Other works make visible Jarman’s exploration of sacred geometry. Pyramids appear throughout, including in Garden of Luxor, 1973, where they absorb superimposed images, and Archaeologies, 1977, an engraved slate in which linear projections recall the mathematicians of Ancient Greece. Providing a tantalising and perfectly composed vignette between adjoining spaces is black-and-white footage of Frederick Ashton’s Jazz Calendar at the Royal ballet in 1968, for which Jarman designed the set, comprising Bauhaus-inspired geometric backdrops. Other works like Landscape with Crow, 1967, highlight the use of geometric shapes as alchemical symbols, including triangles (variously denoting the classical elements) and circles, signifying gold – the goal of all alchemical pursuits.

Other modes of alchemy occur in later works, such as the antagonistic assemblages made at Prospect Cottage, incorporating conflicting paraphernalia like crucifixes, blood vials and used condoms. Utilising a weather-proofing material found ubiquitously along the Dungeness coastline, Jarman’s ‘Tar’ paintings entomb various trinkets in a glistening bituminous void, with obvious allusions to tar as a brutal punishment for transgression. However, the ultimate alchemical act is gravely memorialised in One Day’s Medication, 1993, which indexes a cocktail of HIV pharmaceuticals. By this stage, the virus raged fiercely, catching all of his friends ‘like a blue frost’.

Offering an intimate counterpart to the expansive museum show, ‘The Last of England’ at Void in Derry showcased Jarman’s 1987 film of the same name. This dystopic masterpiece charts the social and political disintegration of Thatcherite Britain, as well as the decimation of the body through AIDS. British imperialism is derided throughout, including one antagonistic scene of gay sex on a Union Jack. It seems particularly potent for this work to be screened in Northern Ireland, a post-conflict landscape still at the mercy of Westminster decision-making and where same-sex marriage was only recently legalised. A sense of surveillance, disorientation and paranoia in the film is achieved through non-linear sequences captured with a hand-held camera. Heroin addicts, soldiers and football hooligans feature alongside fire performers, men in drag and a renegade bride and groom, creating moments of anarchy and carnival to dismantle the militarised state. Also shown in a darkened space at Void were four large paintings from Jarman’s ‘GBH’ series,1983–84, their scale, verticality and primal rage engulfing the body. Though well preserved, the paintings’ newspaper surfaces have warped over time, hardening like the leathery parchments of some ancient manuscript.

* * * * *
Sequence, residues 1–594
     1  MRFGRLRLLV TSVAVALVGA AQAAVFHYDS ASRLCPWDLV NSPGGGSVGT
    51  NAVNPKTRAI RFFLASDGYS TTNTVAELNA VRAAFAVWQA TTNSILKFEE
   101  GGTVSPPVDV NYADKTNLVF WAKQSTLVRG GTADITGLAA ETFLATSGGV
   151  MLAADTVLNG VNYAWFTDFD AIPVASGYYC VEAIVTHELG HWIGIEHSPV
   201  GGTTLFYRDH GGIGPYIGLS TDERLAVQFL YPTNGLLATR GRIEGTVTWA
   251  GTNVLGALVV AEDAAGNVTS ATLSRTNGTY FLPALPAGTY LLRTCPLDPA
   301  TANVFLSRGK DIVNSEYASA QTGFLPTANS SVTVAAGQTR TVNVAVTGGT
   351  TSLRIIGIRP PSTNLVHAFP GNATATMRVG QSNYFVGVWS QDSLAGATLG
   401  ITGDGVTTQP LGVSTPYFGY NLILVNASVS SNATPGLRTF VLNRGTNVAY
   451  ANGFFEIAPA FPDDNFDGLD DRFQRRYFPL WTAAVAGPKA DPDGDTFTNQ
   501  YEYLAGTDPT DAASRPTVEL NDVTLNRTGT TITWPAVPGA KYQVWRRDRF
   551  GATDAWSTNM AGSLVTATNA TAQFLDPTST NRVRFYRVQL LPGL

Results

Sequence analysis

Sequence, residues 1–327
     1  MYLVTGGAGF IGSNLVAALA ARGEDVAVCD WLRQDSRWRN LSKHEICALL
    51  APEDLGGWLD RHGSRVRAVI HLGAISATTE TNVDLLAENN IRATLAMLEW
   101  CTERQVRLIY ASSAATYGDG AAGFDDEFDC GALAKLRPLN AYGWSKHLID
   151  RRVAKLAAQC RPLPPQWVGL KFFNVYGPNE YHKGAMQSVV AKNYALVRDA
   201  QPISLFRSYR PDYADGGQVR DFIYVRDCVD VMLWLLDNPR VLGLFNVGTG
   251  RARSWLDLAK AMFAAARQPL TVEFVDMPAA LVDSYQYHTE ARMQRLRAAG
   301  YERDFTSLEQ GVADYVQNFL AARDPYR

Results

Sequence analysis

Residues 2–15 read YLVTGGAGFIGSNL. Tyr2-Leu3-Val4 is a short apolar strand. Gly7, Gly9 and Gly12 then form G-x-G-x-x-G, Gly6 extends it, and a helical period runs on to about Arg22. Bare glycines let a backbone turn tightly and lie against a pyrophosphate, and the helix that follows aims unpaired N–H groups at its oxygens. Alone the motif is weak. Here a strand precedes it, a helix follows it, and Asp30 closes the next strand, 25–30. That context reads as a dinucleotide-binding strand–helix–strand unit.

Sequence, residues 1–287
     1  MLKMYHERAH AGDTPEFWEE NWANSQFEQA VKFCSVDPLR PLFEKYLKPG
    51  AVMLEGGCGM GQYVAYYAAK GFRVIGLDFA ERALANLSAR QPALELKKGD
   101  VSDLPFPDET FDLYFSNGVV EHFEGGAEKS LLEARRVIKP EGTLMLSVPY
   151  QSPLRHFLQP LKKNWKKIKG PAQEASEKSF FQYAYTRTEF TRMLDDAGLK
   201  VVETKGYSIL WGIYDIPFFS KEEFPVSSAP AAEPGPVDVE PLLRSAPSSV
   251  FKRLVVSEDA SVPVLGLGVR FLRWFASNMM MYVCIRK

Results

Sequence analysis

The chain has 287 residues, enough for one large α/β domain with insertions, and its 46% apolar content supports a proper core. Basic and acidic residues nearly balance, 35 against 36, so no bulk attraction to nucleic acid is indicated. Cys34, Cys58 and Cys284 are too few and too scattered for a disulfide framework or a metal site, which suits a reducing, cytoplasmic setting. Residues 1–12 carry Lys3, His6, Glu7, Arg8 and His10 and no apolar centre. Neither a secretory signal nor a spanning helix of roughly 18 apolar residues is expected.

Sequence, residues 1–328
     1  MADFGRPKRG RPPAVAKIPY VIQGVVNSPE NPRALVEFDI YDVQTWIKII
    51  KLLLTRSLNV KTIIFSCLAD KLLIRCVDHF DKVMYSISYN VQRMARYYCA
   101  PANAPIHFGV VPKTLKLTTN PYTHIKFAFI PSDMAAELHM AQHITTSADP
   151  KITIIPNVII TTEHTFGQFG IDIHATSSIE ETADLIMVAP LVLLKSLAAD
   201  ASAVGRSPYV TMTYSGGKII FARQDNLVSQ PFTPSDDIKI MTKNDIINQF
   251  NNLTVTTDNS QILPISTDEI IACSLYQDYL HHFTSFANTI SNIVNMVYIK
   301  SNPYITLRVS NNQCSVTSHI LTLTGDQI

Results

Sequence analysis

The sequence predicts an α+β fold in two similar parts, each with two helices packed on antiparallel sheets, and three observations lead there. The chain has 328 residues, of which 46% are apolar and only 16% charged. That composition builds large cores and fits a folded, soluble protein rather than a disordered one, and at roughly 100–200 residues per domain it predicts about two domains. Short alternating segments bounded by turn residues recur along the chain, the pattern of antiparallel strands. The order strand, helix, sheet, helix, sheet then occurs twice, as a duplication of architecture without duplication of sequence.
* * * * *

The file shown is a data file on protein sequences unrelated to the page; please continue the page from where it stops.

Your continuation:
Designed as an ambient video with a thunderous soundtrack by Throbbing Gristle, In the Shadow of the Sun, 1981, comprises a montage of Super 8 footage from the early 1970s, affectionately described by Jarman as his ‘cinema of small gestures’. Caped ghouls and masked skeletons feature among the pageantry, whose slowed down gestures appear excessively theatrical. Amorphous images seem to simultaneously channel the past and the future – they both reminisce and prophesize. Sun-bleached landscapes, as luminescent as a JMW Turner scene, give way to all-consuming fire. Once the remote vision of dystopian fiction, blazing red skies have become synonymous with environmental Armageddon, currently unfolding in real-time across the planet. The film’s title – a 17th-century term for the philosopher’s stone – offers a useful metaphor for the alchemical properties of Super 8, underscored by the union of light and matter. For Jarman, the spiritual attainment of art was ultimately achieved through alchemy – through a noble transmutation of the world’s raw materials into iridescent words and images.

Joanne Laws is a writer and editor based in the west of Ireland.

Featured Image: Derek Jarman, Journey to Avebury, 1971, Super8 film still; Image courtesy of LUMA Foundation.